THERE IS so much technology in cycling. I don’t think I realised it at first. But over a month on from picking up a bike and telling myself I’m cycling to Sligo (which is this Friday), I’m finding out that there is an insane amount of technology behind cyling. Between power output monitors, wireless this and ANT that, GPS tracking, speed and cadence monitors, heart rate monitors, ultra light-weight this and paper thin that, percentages here there and everywhere, there’s an incredible amount to take in.
All of this has got me thinking that cycling must be a techie’s dream when it comes to sports.
Admittedly, I’m not the most sporty of people. Yes, I love my sports, but I’m very much the armchair supporter. But spending the last five weeks out on the bike has gotten me wired into the sport (literally) on a completely different level.
I’m logging my routes with a Garmin Edge 500 (and running with a Garmin Forerunner 405). I have fitted wireless sensors to the back of bike and pedal shaft to track my speed and pedal rate over the course of a cycle. I’m wearing a heart rate monitor (quite comfortably) under my jersey which, when monitoring heart rate zones, is driving me on or reeling me in, depening on how things are going. These both talk wirelessly to the Edge unit which sits on the cross bar. Once I get home, I sync the Edge up with Garmin Connect which has been mapping my route under GPS with access to stats on length, time, speed, heart rate (max / min / average / zones), temperature, altitude, grades of hills and a whole lot more. Connect it up with Google Maps or Google Earth and I can play back the entire journey and get a solid overview of where things need to be picked up or where things were going quite well.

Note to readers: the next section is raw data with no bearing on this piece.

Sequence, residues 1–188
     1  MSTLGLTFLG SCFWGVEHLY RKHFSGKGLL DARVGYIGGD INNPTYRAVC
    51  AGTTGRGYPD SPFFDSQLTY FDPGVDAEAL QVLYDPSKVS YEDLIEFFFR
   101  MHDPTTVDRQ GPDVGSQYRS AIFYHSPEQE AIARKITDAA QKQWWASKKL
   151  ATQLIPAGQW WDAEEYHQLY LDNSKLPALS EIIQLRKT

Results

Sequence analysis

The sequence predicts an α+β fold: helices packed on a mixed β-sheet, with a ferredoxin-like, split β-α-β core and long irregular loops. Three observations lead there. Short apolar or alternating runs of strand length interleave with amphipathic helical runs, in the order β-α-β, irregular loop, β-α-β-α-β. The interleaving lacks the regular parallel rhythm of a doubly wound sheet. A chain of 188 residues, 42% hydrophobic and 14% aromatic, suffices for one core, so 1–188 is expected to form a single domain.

These small gadgets are teaching me a lot about my own body and level of fitness, what energy is being used and much more besides.
But I’m only scratching the surface.
Everything about the bike is driven by science and technology. Races are won and lost on the time difference created between bikes that are carrying one kind of bottle holder over another, or the position of a saddle, handlebars, the compounds used in the chains, gears, tyres – it’s like looking at a Formula One car for all the world (without the insane budget, and the fact that it’s a car), but you can see where I’m coming from.
Stepping away from the bike and I’ve spent the past month analysing food – what foods work well in what situations, ways to replenish energies, recover after long rides. Combine the two (the food and the bike) and I’ve got a very different outlook on things food and fitness-wise to where I was a month ago. All of this is building up of course to me cycling to Sligo on Friday. We start Friday, do 80 miles and continue Saturday with another 70 or so. If you had asked me to cycle 150 miles at the start of the summer I would have told you where to go in no uncertain terms.
But the techie in me is being driven towards it as I’m mad for the stats that come out the other side, stats that in a large part have come down to your own physical input. When all is said and done and I get back to the office on Monday morning I’ll get them uploaded here. Even before we get the cycle done we’re already talking about the next trip, and the one after that. God only knows what I’m after letting myself in for…